I watched the Adele special last night—the BBC, Graham Norton-hosted one. I love her. I love everything. The woman is a natural. Watch those hands move. Look at that smile.
She has this rough street accent when she speaks and the exquisitely beauty of an aristocrat when she sings and moves. She is stunning; simply gorgeous. I have to say so because I am so struck by her beauty. Call me shallow; I adore beauty of every form and she has beauty in spades. She is a full-figured gal with a bit of a trucker in her but she's supremely feminine and graceful. And real, so real.
When Graham Norton asks her about touring, you can feel her reluctance and disinterest. She says: "England maybe." And you feel it is Adele, not some corporation, who is calling the shots in her career. Whoa! And selling more records in her inaugural week than anyone else ever period.
Her dress is simple and beautiful. It is snug below the waist, the way hefty women are advised not to dress and she looks spectacular. It is green with gold print but her face and her golden hair is framed in radiantly pure green. There is no collar, no frill, no jewellery; her hair waves gently off a side part. You see one glittery big earring and she stays in this ensemble the whole night.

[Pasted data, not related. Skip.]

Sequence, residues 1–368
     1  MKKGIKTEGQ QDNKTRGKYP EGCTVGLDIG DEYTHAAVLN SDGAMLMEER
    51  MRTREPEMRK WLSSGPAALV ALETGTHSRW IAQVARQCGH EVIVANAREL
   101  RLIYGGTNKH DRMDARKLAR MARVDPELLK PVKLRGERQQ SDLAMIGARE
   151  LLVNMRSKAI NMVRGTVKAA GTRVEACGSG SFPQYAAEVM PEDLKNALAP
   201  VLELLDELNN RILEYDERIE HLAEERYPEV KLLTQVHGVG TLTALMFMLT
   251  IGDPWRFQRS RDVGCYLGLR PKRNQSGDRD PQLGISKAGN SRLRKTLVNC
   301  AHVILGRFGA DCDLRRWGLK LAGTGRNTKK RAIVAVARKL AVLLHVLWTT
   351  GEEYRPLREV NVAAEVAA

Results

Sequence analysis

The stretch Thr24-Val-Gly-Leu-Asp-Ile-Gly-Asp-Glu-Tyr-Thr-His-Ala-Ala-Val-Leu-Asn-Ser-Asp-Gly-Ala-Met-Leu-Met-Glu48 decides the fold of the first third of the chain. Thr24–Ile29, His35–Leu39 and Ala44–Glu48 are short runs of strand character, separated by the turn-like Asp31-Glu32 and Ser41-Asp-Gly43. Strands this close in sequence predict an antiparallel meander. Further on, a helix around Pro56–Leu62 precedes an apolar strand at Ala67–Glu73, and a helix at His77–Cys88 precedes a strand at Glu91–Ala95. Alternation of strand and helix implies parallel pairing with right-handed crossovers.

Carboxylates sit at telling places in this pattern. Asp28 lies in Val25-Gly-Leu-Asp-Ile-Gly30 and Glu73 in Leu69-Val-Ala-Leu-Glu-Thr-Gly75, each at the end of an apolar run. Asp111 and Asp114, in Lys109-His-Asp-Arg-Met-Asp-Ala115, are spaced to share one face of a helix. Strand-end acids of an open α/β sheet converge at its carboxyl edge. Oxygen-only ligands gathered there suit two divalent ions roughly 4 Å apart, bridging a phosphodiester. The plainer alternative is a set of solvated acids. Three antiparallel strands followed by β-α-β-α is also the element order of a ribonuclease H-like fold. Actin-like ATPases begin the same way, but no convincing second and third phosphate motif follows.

BIG fake eyelashes. Big glittery nails. High, high heels. Perfection.
The set is simple. There are no edits in the camera work: it is straight-on no-frills entertainment with the focus entirely on her. Her band plays in dim light. There is no set, only minimalist video projections that add to the atmosphere; they are in black and white. All the colour on the set, the only colour on the set, comes from Adele's dress. (I must take a moment to thank God for my ability to see beauty and to appreciate it so!)
In response to a question from Mr. Norton about how much her life has changed, she responded: "A lot. It's changed a lot! But I haven't. I haven't changed. I'm still the same person I've always been."
And thank God for that because who she is is a refreshing delight in a show biz world of control freaks. For me, part of her incredible appeal is the sense she is real—that what we see is who she is. Nothing fake. She's a monster talent as grounded as she is talented.
You get the sense of someone quietly yet confidently and solidly in control of her career. Her casual explanation of what prompted her to write A Million Years Ago, overwhelmed me with its unabashed frankness. Her accent sounds so street, but she might be the smartest contemporary artist in the recording business.
I have never felt about a singer as I do for Adele since I sat down one day a bazillion years ago and was transfixed forever by Joni Mitchell's album Blue.